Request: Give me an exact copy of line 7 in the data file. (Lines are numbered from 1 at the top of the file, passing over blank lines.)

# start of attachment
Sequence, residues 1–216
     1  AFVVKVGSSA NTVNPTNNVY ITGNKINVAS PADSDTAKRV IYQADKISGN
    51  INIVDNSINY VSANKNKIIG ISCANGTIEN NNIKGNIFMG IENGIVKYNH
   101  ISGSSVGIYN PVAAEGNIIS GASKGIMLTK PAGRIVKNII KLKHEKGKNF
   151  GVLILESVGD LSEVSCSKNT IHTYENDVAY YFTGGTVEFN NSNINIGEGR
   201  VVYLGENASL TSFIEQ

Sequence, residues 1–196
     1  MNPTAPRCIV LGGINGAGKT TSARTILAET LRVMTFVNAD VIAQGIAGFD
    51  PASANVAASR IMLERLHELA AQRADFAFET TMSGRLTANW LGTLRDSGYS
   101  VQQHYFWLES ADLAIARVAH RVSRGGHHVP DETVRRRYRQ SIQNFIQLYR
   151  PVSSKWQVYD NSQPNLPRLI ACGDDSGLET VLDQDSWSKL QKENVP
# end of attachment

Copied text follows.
Sequence, residues 1–196